Don’t throw away historic treasures
Published 12:00 am Wednesday, March 21, 2012
Every day I drive old Highway 51, and every time I travel this stretch of highway I see where someone has dumped garbage. I stop to look through it to see if I can find the name and address of the person it belonged to. Under state law, you can be arrested if your name is in the garbage.
On several occasions, I have found all kinds of old items, such as tools, glassware and etc. This makes me think that perhaps these items belonged to someone’s parents or even grandparents who have passed away, and the children are cleaning out the old barn, shed or the house. Items from the 1800s are just thrown by the wayside into a ditch and could have been lost forever. I bet if these items could talk, they could tell quite a story. So, if you have the chore of cleaning out after the loss of a loved one, don’t throw those old things into a ditch where the history may be lost forever.
With that being said, it leads me to the rest of the story. Just a few days ago, Mr. Sonny Snyder of LaPlace gave me a call and he said he wanted to donate some old items to my museum. I want to tell you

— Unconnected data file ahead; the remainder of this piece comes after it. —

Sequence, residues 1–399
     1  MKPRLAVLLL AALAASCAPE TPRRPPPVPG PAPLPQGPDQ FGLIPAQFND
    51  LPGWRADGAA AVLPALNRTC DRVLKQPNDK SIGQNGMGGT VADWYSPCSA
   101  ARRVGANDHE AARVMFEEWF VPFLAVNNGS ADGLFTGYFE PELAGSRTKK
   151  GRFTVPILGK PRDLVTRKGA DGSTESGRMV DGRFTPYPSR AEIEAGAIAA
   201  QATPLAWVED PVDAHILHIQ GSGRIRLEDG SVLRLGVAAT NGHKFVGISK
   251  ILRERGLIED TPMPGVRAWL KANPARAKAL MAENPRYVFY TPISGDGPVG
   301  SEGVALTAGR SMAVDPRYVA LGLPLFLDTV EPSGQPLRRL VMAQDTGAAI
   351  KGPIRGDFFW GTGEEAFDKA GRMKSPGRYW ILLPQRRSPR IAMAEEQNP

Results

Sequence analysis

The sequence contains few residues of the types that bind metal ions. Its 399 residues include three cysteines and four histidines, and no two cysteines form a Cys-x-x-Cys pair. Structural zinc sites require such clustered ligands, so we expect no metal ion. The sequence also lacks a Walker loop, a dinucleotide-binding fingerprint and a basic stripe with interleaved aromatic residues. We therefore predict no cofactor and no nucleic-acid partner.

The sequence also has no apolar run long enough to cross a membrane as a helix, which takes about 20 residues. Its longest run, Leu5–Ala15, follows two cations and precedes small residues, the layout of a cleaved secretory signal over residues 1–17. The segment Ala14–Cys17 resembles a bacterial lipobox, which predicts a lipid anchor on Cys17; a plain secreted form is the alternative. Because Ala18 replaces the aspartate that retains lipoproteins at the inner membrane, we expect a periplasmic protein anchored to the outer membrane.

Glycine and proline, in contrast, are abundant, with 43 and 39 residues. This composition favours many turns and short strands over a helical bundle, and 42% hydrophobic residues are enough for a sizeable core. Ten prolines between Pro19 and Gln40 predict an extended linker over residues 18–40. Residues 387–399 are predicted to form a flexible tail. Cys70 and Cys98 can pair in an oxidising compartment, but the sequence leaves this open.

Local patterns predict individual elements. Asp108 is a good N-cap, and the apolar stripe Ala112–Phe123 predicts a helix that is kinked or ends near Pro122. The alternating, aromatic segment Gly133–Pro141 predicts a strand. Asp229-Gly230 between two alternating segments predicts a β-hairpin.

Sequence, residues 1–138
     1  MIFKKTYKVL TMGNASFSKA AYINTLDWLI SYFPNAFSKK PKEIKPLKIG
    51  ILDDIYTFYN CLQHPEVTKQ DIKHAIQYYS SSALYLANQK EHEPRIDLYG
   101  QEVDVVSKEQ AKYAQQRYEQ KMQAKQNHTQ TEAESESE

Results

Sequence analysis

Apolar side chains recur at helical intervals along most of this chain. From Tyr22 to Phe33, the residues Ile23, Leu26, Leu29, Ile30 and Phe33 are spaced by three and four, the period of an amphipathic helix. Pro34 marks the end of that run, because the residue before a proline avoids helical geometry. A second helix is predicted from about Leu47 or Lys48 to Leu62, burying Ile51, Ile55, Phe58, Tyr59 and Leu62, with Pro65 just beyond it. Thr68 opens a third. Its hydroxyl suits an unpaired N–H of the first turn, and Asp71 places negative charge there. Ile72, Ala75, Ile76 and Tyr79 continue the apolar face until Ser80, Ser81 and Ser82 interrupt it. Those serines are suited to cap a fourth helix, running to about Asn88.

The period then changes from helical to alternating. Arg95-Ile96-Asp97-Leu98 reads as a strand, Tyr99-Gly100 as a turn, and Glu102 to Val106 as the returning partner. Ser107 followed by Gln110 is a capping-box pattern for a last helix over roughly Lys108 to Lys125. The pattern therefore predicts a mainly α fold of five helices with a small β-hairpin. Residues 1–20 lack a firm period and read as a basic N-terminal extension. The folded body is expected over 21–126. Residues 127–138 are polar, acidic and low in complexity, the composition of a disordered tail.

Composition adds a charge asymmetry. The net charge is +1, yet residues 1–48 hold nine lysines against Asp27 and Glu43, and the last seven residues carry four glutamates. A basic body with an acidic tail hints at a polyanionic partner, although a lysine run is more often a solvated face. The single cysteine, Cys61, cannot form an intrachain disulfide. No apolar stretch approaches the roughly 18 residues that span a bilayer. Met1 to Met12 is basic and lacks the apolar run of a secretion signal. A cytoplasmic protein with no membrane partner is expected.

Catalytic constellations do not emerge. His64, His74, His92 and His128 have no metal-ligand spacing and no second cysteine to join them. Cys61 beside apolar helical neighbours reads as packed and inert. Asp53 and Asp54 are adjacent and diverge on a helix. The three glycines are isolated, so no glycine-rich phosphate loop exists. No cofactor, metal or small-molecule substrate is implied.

about several of the items that he donated. One item is a mall; it was used to split cypress logs so they could be used to make cross ties. Mr. Snyder’s grandfather, Gus Madere, worked in the swamp in the late 1800s or early 1900s and would get
10 cents for every cross tie he
made. This mall, or very large hammer, must weigh at least 30 to 40 pounds, and I can’t imagine someone using it every day to split cypress and earn as little as 10 cents a cross tie.
Another item that was unique and different was a pair of ice tongs. Years ago, we had ice boxes and not a refrigerator. The ice man would bring you a block of ice to go into your ice box, and the block of ice was carried with a pair of ice tongs. The museum now has a pair of ice tongs on display thanks to Mr. Snyder.
Also, wooden barrels were used
for many things, and around these barrels there was an iron ring. There was a spiral hammer used to hammer down the iron ring that went around these barrels. The museum now has two of these
hammers on display plus many other items donated by Mr. Snyder. So now when you visit we have a little more of history preserved with these items from the past. So keep in mind, what you throw out might have an interesting history behind it, if only it could talk.
Louisiana Treasures Museum has over 2,000 bottles on display along with all the other collections from the past. For more information or hours of operation or even to schedule tours contact Wayne Norwood at 225-294-8352.
Wayne Norwood is a lieutenant with the St. John the Baptist Parish Sheriff’s Department and owner and operator of the Louisiana Treasures Museum.